Email: Greetings from London


Date: Sunday, 5 October 2003 01:28 PDT
Subject: Greetings from London

Caption for picture:
1. New York street performer and subway

The New York street performer’s song:

2 October 2003 – Day #12

Now that we’ve been in London for a few days, I thought it would be fun to compare the subway systems of New York and London.

First, both subway systems are very extensive. New York has 468 stations as compare to London’s 275 stations. New York subways extend 233 miles versus London with 253. Finally, New York’s subway carries 1.3 Billion passengers as compared to London’s 1 Billion.

Several of the stations in Manhattan on the red line are under construction. The subway train doesn’t stop at these stations. The colored lighting gave them an eerie feel. It took us all a minute to realize that these stations were lost in the September 11 attack of the World Trade Center.

London’s underground trains date back to 1863 (New York’s only go back to the 1930’s). The local government has tried hard to maintain the original character of it’s oldest stations. Examples of this are Baker Street, Paddington Station and King’s Cross. All three have been restored with some new elements tastefully added. The station at London Bridge makes for an interesting contrast. It has been completely redone with a grand modern style (lots of steel and exposed heating vents). Taking the Jubilee line from the London Bridge station requires two long (100 ft. long and 50 ft. deep) escalator rides down.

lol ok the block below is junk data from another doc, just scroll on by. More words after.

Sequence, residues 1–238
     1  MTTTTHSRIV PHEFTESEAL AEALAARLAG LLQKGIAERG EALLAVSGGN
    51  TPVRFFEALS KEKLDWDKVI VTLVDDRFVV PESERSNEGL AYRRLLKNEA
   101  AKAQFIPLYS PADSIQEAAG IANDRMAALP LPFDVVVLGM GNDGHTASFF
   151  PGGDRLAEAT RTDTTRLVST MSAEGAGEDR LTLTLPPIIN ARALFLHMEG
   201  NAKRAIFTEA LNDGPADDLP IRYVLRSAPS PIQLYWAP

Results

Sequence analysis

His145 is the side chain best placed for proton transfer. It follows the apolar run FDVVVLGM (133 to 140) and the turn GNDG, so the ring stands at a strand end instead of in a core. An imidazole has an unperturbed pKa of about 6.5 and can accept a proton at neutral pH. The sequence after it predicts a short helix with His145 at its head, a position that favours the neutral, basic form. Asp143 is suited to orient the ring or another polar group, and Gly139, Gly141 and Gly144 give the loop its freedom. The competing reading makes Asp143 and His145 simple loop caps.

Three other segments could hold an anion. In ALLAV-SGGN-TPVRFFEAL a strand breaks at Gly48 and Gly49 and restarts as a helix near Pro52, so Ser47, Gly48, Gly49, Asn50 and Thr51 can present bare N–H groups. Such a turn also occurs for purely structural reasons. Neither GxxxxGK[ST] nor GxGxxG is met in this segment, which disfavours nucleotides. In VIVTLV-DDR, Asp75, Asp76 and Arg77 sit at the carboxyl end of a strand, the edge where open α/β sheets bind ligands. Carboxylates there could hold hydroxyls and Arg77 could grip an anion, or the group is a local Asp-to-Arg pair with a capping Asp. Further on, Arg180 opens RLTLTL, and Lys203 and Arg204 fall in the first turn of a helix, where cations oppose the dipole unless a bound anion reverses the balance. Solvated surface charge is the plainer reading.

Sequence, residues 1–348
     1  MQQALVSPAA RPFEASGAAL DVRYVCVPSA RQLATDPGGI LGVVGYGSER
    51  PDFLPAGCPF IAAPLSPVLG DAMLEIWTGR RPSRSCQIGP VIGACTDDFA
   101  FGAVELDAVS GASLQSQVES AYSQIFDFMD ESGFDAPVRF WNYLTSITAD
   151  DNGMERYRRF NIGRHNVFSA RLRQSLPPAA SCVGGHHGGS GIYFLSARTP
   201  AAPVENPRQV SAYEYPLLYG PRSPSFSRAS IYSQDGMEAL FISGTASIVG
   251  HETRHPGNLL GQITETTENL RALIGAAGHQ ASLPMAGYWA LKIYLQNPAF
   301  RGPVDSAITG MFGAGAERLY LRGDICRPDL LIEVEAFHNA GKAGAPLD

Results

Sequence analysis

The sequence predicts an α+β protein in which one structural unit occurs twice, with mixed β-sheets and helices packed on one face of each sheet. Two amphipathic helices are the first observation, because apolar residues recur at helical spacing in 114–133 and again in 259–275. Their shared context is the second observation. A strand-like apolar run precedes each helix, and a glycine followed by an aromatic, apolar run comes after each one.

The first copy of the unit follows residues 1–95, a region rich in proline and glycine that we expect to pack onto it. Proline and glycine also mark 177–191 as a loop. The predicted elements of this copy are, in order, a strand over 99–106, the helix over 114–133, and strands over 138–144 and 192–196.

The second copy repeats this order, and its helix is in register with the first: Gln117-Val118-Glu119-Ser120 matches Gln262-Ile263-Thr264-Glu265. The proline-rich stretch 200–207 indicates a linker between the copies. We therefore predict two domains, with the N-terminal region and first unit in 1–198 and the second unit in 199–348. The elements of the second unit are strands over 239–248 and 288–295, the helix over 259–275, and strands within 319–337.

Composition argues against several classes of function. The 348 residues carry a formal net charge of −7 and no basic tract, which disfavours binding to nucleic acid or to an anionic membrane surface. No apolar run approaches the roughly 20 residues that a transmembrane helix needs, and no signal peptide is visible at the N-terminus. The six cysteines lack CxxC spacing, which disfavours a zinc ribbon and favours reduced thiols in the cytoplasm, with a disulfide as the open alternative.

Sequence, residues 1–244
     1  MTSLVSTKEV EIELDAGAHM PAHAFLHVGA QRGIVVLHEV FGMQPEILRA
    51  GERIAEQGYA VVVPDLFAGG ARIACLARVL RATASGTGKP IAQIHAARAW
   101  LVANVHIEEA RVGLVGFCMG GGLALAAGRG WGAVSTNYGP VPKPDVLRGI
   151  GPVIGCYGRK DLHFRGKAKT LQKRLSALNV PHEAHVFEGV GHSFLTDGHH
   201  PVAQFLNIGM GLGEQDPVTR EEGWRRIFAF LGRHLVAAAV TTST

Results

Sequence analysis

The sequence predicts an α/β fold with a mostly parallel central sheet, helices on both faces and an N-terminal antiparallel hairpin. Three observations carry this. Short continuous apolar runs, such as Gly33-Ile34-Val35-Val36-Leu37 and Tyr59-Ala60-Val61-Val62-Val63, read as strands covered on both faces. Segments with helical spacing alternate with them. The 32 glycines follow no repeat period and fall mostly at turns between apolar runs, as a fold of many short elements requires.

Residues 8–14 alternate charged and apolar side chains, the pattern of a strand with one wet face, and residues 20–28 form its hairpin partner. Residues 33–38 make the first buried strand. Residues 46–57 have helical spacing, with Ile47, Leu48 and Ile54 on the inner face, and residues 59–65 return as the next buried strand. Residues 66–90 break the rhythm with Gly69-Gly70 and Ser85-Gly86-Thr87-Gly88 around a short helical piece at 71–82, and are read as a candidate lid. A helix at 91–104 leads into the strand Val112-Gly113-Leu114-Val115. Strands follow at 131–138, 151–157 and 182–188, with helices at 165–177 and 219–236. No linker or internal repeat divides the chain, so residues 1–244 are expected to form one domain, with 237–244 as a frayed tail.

One thing that’s in common with both cities’ subway station is the number of performers. In New York I noted six performers including a musician playing jazz on a flute, a gospel singer and a rock guitarist. Performers in New York don’t limit themselves to the stations. Some actually ride in the cars with you.

The acts in London’s subways are similar. On the first day in London, we saw performers playing the clarinet, the sax, an electric guitar and an acoustic guitar. While the officials seem to look the other way in New York, those in London actually encourage the performers in two ways. First, there are posters in many of the stations telling about a new program called Carling Live (Carling is the name of a local beer). On the poster, they suggest a small donation to help the performers support themselves. They have also set up designated places for the acts in high traffic area.

The most amazing act we have seen so far was in New York. The performer was dressed as Michael Jackson. He was of African American man with a small build. He wore the classic Michael Jackson black hat, T-shirt and white gloves. I suggested to Sandy and the kids that we wait for the next performance as he sat down on a simple white wooden folding chair. In the background, the song “Billy Jean” played. After a few minutes, a crowd formed. When the crowd reached a critical mass (about 75 to 100), “Michael” motioned those in front of him to move closer. We were in this group but held our position in the back.

Next, “Mr. Jackson” motioned in the same way to first the group on his right and then the group on his left. The front row was no more than 10 feet away from the performer at this point. The sense of anticipation built has the he leaned forward and picked up a hat that sat in front of his chair. He tossed the coins that were in it up into the air (only about 3 or 4) and returned to the chair. Since the next performance seems a long way away, we decided to leave. As we walked away, the tune changed to “Beat It”. While this performer clearly had an attitude, my bet is that he earned more than the others combined. He certainly understood how to create drama. A few seconds later I heard the sound of coins as they were dropped into a hat.

God’s Blessings,